Why we need a statement of principles for artificial intelligence

In early 2018, Google was under intense pressure from its own employees to drop a contract with the U.S. Department of Defense. Google was working with the DoD on an artificial intelligence (AI) systems called Project Maven, which uses AI to process video data captured by drones for use in identifying potential targets for future engagement. Employees at Google protested their involvement in this program and how it might be used by the military in combat situations. Employees claimed that they did not want to be in the business of war and that the project went against the values of the company. Google relented and canceled the contract. Soon after Google released a set of guiding principles that it described as a filter for the company to use in AI development and research moving forward.

The principles, along with future issues surrounding the development of the company’s ethics board, reveal a lack of moral clarity and prevailing ethic that is required to engage the issues surrounding the development and use of AI. AI is an incredibly powerful tool and can lead to great human flourishing, but when used without a guiding ethic, it becomes a very dangerous tool that can quickly undermine basic human rights. Often within corporations and increasingly within government, economic utility is prized over the value that every human being has as an image bearer of God.

It is tempting for all of us to think that the impact of AI is far-off phenomenon that doesn’t affect your daily life. And that is the problem. AI already drives so many aspects of our lives that we often don’t recognize it. But we sure benefit from the technology. AI and algorithms control our smart devices, social media feeds, entertainment choices, financial markets, criminal justice system, healthcare, military, policing, and soon to be our cars just to name a few. AI is everywhere in our society and is often working behind the scenes. As Christians, we need to be prepared with a framework to navigate the difficult ethical and moral issues surrounding AI use and development. This framework doesn’t come from corporations or government because they are not the ultimate authority on dignity issues and the church doesn’t take its cues from culture. God has spoken to us in his word and as his followers, we are to seek to love him and our neighbors above all things (Matt. 22:37-39).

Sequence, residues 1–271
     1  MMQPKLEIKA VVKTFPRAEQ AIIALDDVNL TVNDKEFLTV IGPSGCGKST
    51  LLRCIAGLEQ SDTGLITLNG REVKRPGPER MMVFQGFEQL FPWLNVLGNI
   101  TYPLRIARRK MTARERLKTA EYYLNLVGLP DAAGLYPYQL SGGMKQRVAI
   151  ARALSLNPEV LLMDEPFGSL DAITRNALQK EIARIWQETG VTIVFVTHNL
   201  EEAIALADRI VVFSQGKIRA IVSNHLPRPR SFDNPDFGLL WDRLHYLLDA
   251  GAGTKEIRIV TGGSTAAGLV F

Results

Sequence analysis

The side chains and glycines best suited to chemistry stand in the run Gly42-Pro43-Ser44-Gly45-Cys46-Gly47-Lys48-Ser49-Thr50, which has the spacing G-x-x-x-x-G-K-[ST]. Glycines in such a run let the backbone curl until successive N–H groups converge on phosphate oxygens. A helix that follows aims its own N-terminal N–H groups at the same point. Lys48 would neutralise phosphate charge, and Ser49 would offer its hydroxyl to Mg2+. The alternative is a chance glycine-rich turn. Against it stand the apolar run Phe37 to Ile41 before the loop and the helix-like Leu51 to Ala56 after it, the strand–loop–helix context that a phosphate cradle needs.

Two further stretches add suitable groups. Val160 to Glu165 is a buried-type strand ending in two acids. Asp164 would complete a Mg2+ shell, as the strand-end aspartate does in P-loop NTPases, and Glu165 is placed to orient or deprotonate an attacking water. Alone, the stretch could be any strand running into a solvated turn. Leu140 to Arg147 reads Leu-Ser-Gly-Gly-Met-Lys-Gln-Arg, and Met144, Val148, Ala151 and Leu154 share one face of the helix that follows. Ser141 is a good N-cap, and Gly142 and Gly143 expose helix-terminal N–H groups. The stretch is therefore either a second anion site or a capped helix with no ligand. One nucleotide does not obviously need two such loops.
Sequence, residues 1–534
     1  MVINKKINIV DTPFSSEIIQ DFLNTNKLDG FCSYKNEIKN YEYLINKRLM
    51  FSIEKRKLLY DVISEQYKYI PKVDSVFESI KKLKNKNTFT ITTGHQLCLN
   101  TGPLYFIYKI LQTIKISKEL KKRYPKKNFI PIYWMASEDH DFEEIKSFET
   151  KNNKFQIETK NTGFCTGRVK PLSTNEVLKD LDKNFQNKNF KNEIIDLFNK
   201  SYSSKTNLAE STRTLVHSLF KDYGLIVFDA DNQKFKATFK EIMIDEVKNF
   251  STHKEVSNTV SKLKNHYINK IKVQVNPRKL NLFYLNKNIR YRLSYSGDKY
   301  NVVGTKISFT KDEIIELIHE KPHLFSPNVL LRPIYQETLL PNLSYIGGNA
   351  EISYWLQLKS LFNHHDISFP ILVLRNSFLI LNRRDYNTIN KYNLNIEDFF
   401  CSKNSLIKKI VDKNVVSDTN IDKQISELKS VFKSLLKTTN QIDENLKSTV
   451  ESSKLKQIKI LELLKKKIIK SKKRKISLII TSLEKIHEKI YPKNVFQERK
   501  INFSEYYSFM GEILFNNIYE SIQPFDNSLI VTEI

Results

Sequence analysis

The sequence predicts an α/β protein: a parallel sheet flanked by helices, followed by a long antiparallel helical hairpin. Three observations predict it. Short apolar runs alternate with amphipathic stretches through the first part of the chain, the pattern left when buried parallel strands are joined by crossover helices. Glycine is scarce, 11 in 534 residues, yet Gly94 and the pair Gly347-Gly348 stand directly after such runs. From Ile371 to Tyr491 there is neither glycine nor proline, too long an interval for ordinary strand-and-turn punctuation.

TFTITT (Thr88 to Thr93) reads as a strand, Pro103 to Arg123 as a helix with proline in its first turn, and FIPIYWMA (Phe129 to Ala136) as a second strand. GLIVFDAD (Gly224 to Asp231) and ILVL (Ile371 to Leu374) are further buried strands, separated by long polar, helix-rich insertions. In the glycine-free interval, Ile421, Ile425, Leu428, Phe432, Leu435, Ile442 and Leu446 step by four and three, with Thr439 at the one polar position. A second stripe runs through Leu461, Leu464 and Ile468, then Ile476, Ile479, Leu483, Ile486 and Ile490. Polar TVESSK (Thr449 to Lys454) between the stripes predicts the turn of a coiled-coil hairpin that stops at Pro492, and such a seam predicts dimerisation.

To this end, the ERLC assembled a group of experts from various fields of study, such as medicine, law, foreign policy, theology, ethics, business, and technology, to draft a set of Evangelical principles that we believe will help to encourage and equip the local church to engage on these issues proactively. Here are two reasons that Christians must engage these conversations now rather than responding after the effects are felt.

Human dignity is at stake

It is no secret that many of the developments and uses of AI are tied to a materialistic worldview. At its core, the worldview states that you and I are nothing more than a highly advanced organic computer. We are just a grouping of matter and there is nothing really special or unique about you. Everything you are can be reduced down to matter. Our concepts of the mind, soul, and even our consciousness mean nothing other than they allow us to live in cooperation with one another as we continue our evolutionary journey. God is not real and was just made up to help us deal with the stresses of life. Through this understanding of our world, your value and worth are essentially tied to your economic utility to society. What you contribute to society is your ultimate value, which inevitably leads to some people worth more and less than others. This is true inequality and is the antithesis to the Christian gospel.